Noisy gay orgy in Shinjuku prompts raid by the cops

Shukan Jitsuwa Dec. 1
Shukan Jitsuwa Dec. 1
On the evening of October 29, a squad of officers from the Shinjuku Police Station raided a men’s club in Shinjuku 1-chome and arrested its operator, one employee, and three customers — who had been caught cavorting bare-ass naked or nearly naked — on charges of obscene behavior in public or abetting such behavior.

Shinjuku 1-chome borders on 2-chome, home to Tokyo’s largest hangout for gays.

Shukan Jitsuwa (Dec. 1) reports that at the time of the police raid, some 25 patrons were on the premises.

The club, named “Destruction,” had been in business since 1997 and was well known in the trade as a place where gay men went to seek companionship.

“The club’s on the second floor of an office building,” a local news reporter tells the magazine. “There are about 20 private cubicles closed off by curtains and one large room. There are peepholes for looking into the cubicles. Most of the customers prance around completely naked or nearly so, and if you brush up against another customer, that’s likely to lead to some action.”

The charge of admission is 500 yen for minors and 1,500 yen for age 20 and over. Depending on the night of the week, the club would organize special events catering to “baldies,” “guys with short hair,” “guys with beards,” and so on.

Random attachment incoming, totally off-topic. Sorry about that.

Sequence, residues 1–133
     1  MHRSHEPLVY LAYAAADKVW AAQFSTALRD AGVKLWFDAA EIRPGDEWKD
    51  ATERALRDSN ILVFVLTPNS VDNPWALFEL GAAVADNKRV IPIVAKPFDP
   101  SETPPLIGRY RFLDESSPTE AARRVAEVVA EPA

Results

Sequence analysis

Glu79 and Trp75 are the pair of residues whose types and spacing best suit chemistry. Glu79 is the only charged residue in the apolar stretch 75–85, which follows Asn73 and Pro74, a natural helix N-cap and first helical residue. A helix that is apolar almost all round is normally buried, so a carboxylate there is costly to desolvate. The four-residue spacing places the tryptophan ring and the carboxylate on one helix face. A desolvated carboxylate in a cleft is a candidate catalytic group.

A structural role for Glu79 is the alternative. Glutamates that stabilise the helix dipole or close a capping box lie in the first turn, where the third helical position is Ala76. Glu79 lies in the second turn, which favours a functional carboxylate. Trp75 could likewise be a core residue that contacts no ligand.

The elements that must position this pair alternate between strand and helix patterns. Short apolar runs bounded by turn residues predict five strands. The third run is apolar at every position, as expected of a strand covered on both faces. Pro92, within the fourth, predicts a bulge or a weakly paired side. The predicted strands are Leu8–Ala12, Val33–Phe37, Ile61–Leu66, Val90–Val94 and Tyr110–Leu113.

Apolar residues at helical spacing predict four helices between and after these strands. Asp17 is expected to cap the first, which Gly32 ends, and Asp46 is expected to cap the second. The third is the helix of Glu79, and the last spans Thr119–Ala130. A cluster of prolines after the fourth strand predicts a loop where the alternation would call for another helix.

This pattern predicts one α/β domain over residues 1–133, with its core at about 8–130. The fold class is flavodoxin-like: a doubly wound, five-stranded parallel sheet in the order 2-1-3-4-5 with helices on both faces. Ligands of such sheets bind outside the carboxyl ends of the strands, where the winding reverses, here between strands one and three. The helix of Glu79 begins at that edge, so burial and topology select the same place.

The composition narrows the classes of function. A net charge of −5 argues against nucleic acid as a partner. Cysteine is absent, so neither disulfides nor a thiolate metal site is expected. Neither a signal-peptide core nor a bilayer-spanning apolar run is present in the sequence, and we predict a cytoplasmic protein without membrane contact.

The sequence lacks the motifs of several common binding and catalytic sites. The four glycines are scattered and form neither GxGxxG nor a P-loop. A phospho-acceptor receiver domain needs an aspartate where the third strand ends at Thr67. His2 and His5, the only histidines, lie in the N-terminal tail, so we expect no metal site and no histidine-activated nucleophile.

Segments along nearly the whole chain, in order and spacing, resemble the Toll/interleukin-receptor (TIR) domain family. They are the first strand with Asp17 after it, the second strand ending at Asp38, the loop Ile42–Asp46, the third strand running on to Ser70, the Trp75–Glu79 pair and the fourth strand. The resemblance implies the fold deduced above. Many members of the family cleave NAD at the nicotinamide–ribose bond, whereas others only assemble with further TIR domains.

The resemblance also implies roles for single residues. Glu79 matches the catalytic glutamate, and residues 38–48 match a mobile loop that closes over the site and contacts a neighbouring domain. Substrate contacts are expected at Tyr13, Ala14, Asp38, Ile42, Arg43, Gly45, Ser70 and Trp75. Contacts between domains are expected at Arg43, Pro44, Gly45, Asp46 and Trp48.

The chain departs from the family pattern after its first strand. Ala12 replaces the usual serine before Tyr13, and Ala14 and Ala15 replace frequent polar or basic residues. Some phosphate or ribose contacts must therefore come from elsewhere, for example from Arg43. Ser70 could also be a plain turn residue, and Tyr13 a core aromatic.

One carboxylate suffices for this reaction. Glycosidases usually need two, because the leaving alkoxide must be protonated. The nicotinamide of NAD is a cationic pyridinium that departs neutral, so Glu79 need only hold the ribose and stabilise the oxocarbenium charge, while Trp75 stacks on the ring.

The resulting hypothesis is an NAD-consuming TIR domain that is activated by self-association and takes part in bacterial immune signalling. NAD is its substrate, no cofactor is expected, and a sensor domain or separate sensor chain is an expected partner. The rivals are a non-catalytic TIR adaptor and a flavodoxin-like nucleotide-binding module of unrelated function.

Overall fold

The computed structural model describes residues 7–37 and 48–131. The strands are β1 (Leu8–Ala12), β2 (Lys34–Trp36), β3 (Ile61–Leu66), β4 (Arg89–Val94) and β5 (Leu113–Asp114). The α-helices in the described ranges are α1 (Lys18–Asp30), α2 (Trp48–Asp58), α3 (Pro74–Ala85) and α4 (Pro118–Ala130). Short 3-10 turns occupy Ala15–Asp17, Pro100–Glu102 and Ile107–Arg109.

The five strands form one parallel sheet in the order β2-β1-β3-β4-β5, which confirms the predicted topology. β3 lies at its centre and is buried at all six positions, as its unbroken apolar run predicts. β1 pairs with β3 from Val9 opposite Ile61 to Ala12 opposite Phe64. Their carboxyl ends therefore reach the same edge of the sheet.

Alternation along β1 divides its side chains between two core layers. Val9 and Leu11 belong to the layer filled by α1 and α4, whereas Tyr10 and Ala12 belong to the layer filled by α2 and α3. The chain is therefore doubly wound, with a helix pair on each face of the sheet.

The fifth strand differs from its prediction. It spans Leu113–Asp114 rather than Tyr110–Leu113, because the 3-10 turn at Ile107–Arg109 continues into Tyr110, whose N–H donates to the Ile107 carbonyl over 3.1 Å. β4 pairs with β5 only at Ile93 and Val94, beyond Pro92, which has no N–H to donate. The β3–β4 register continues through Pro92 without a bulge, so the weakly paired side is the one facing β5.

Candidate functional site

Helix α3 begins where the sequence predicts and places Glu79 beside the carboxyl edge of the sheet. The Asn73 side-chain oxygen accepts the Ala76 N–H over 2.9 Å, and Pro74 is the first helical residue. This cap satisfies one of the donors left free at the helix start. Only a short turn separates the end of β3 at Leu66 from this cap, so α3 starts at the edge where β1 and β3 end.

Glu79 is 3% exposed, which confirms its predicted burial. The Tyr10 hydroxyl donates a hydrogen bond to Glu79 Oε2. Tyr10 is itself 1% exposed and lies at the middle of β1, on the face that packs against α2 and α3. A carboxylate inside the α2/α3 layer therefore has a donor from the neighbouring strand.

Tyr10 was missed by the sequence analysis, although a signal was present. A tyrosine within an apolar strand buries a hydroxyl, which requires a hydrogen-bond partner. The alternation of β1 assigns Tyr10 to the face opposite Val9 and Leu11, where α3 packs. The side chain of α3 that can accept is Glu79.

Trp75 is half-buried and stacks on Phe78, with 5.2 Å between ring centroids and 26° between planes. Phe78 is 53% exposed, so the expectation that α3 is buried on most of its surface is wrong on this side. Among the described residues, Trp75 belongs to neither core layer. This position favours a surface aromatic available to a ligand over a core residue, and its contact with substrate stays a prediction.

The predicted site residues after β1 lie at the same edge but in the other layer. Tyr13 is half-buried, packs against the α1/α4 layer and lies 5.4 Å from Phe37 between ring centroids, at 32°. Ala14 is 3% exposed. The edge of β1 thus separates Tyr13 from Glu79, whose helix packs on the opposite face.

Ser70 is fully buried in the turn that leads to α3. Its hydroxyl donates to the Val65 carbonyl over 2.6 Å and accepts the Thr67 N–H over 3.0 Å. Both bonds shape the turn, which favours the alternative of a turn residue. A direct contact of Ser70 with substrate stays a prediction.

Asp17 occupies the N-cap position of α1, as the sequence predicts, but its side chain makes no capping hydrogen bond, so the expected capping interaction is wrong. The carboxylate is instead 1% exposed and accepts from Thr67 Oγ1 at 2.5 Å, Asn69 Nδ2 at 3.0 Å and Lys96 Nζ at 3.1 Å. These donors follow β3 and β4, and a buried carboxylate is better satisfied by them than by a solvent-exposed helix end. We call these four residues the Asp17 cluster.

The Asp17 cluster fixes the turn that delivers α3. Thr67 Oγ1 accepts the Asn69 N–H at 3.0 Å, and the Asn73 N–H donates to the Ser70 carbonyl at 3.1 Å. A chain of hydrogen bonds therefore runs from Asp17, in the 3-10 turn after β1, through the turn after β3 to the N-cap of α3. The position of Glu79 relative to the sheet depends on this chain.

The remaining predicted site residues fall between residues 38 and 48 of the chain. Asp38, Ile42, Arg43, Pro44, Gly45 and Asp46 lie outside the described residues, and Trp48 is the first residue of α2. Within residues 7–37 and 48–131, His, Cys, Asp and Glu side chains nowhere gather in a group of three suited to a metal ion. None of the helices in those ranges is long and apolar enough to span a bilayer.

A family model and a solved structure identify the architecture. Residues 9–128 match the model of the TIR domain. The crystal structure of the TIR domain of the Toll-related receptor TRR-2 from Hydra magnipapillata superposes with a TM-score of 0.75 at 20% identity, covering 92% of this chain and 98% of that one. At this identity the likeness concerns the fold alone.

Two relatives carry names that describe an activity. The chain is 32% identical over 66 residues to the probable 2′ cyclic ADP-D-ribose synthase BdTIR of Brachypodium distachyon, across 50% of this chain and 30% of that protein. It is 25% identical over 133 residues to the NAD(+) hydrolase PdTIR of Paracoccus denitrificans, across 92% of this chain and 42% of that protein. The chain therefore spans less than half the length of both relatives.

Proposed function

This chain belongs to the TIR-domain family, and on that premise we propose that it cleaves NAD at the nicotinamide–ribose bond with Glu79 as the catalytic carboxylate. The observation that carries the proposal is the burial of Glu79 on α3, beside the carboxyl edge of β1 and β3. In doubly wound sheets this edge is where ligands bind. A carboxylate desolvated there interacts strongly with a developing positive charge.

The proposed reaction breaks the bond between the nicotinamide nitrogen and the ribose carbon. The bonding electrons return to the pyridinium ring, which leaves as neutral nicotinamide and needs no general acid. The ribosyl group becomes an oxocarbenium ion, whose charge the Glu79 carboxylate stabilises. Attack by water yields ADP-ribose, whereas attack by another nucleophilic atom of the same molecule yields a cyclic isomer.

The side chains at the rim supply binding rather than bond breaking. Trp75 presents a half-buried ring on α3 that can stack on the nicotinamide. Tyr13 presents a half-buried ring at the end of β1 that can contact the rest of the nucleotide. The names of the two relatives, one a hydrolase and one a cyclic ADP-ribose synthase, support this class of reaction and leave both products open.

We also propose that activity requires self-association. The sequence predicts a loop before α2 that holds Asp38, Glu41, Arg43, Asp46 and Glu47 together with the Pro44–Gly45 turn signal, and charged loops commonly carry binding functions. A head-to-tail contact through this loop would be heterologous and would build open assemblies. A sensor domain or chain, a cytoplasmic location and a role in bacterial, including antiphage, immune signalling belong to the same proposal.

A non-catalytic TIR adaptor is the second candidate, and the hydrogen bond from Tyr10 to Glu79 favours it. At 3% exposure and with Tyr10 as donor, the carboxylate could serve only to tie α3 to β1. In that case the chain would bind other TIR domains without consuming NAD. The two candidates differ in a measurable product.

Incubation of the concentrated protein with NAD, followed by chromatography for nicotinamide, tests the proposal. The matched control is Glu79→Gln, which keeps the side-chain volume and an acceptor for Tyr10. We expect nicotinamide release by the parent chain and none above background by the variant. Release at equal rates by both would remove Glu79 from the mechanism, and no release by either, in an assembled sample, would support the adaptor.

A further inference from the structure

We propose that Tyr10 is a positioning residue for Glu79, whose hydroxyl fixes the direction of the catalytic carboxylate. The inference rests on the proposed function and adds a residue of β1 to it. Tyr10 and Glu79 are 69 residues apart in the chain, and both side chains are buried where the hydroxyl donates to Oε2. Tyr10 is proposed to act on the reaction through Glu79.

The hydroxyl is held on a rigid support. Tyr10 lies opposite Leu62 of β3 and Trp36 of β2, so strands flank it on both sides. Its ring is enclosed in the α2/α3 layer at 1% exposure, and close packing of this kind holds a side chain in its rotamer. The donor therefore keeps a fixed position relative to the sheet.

As many as 90 males might attend in the course of one evening, according to a police source, and business was booming.

“The club was netting something like 4 million yen a month just from admission fees,” says the Shinjuku cop. “On top of that it peddled various goods for gays, magazines, legal drugs, and so on, so I suppose this brought in additional revenues.”

The club is situated in a quiet residential area, and nearby residents, apparently aggravated by the raucous animal-like screams being emitted — complained to police, which resulted in the raid and arrests. (K.S.)

Source: “Zekkyo mo genin datta gei kurabu tekihatsu,” Shukan Jitsuwa (Dec. 1, page 196)

Note: Brief extracts from Japanese vernacular media in the public domain that appear here were translated and summarized under the principle of “fair use.” Every effort has been made to ensure accuracy of the translations. However, we are not responsible for the veracity of their contents. The activities of individuals described herein should not be construed as “typical” behavior of Japanese people nor reflect the intention to portray the country in a negative manner. Our sole aim is to provide examples of various types of reading matter enjoyed by Japanese.

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